The phoenix of Chinese legend is called Fung-hwang or Fum-hwang and is one of the Four Spiritually Endowed presiding over the destinies of China. It originated from fire (was born in the "Hill of the Sun's Halo") and has its body inscribed with the Five Cardinal Virtues.
In Japan it appears as Ho-ho and announces the coming of a new era.
Early Christian tradition adopted the phoenix as a symbol of both immortality and resurrection.
In both ancient Greek and Egyptian mythology, the phoenix is a fabulously beautiful bird thought to be the servant of God. Ancient Chinese, Sumerian, Assyrian, Egyptian, Incan, and Aztec mythology all tell of this uniquely immortal bird. It lived close to a cool well. It had brilliant gold and reddish-purple feathers, and was as large or larger than an eagle. Each morning at dawn, it would bathe in the water and sing such a beautiful song that the sun god would stop his chariot to listen. There only existed one phoenix at a time, and it was always male. Some writers believed its life cycle was as long as 12,954 years. When it felt it's death approaching, it would build a nest and set it on fire, and jump in to be consumed by flames. When it was burned, a new phoenix sprang forth from the pyre. The long life of the phoenix, and its dramatic rebirth from its own ashes, made it a symbol of immortality and spiritual rebirth.
A forest and mountain creature. Part human, with a horse's tail and ears, and a goat's horns and legs, satyrs were merry, drunken, lustful devotees of Dionysus.
Part bestial, part human creature of forests and mountains, and follower of Dionysus.
Sleipnir was the swift eight-legged horse ridden by Odin. It was the offspring of Svadilfari (the horse that helped build the walls of Asgard) and Loki (disguised as a mare in that event); and was given to Odin as a gift. Sleipnir could travel through the air and over the sea, and was swift enough to beat any other horse in a race.
1.In Egyptian mythology, a creature having the body of a lion and the head of a man, ram, or hawk.
2.In Greek Mythology, a winged creature having the head of a woman and the body of a lion, noted for killing those who could not answer its riddle.
A female demon, also a fallen angel, who sought intercourse with sleeping men.
Mythological creature usually depicted as eagle-like, representing the great forces of nature (the Great Spirit). It sometimes was a creator, and at other times was associated with the destructive powers of war. It appears in almost all North Amerindian myths, and was also considered a rain-bringer. The Pacific Indians pictured it with a lake on its back (It can eat whales!).
The Siberian Giant Eagle has similar properties, its flashing eyes are lightning and its flapping wings the thunder.
Japan also has a thunderbird. It flies about during storms and is connected with the destructive powers of nature such as thunder and lightning. It also guards the entrance to the Sky-heaven.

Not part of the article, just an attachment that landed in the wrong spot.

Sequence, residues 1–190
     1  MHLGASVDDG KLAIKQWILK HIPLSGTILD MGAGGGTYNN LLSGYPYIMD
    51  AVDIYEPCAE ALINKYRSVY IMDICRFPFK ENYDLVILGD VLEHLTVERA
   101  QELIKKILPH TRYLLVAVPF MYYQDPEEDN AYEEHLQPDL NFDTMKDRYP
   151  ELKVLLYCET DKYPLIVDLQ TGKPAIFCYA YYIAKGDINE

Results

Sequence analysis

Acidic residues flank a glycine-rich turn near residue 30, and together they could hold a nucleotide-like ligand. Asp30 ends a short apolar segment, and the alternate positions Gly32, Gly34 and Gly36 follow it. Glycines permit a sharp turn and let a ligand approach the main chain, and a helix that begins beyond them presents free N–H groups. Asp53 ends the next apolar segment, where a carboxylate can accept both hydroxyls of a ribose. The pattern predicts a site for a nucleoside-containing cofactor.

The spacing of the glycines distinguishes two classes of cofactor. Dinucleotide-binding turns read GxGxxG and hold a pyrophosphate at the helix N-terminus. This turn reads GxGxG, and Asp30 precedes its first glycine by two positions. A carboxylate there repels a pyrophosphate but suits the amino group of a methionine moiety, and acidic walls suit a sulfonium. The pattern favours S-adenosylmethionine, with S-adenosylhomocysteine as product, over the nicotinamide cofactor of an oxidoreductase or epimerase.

(Icelandic) Malignant one-eyed giants.
(Scandinavian) Dwarfs, some cunning and treacherous, some fair and good to men. They were skilled in working metals.
A fabled beast having the head and legs of a horse and a long, twisted horn set in the middle of its forehead. Pure white, it has been used as a symbol of virginity, holiness and chastity. It has also been described as a white horse, with the legs of an antelope, and a spirally grooved horn projecting forward from the center of its forehead, with the horn being white at the base, black in the middle, and red at the tip. The earliest reference to the unicorn is found in the writings of the Greek, Ctesias. Ctesias returned from Persia about the year 398 BC and wrote a book on the marvels of the Far East. He told of a certain wild ass in India with a white body and a horn on the forehead. The dust filed from this horn, he said, was a protection against deadly drugs. Ancient mythology contains stories of unicorns where the horn was supposed to contain a liquid that would cure disease, but the animal was very swift and hard to catch. It was once considered native to India, though it was reportedly seen throughout the world.
The Ch'i-lin is the Chinese 'Unicorn'. An odd-looking creature, it was regarded as a sign of good fortune and justice. It was said to be able to see the evil in men's hearts and slay the wicked with its single horn. It's body and head were similar to a deer's; it had hooves like a horse; a tail like an ox; and a single backward-curving, fleshy horn. Accounts vary as to whether it was a shiny, scaly-skinned creature whose scales refracted the many colors around it or whether it just had multi-coloured hair. Some stories feature them as horses that could run as fast as the speed of light; other stories portray them as being able to walk on grass without crushing it; and several stories point to their ability to sense the guilty. The Japanese Ki-rin is strongly based on the Ch'i-lin.
A wolf-man in Slavic folklore. The wolf was the most feared creature in northern and eastern Europe and Vlkodlak was the personification of the wolf.
1. Achilles' horse, and brother of Achilles' other horse, Balios. They were the offspring of Zephyrus and Podarge (Podarge, one of the Harpies or Podarge, one of Hector's horses). This superb matched pair of horses are immortal and endowed with human speech. Xanthus prophesied Achilles' death and Achilles answered, in effect, "Yes, I know, I know; you don't have to tell me!"
2. The name of the god of the river Scamander, which flowed past Troy.
3. A river in Lycia, sacred to Apollo.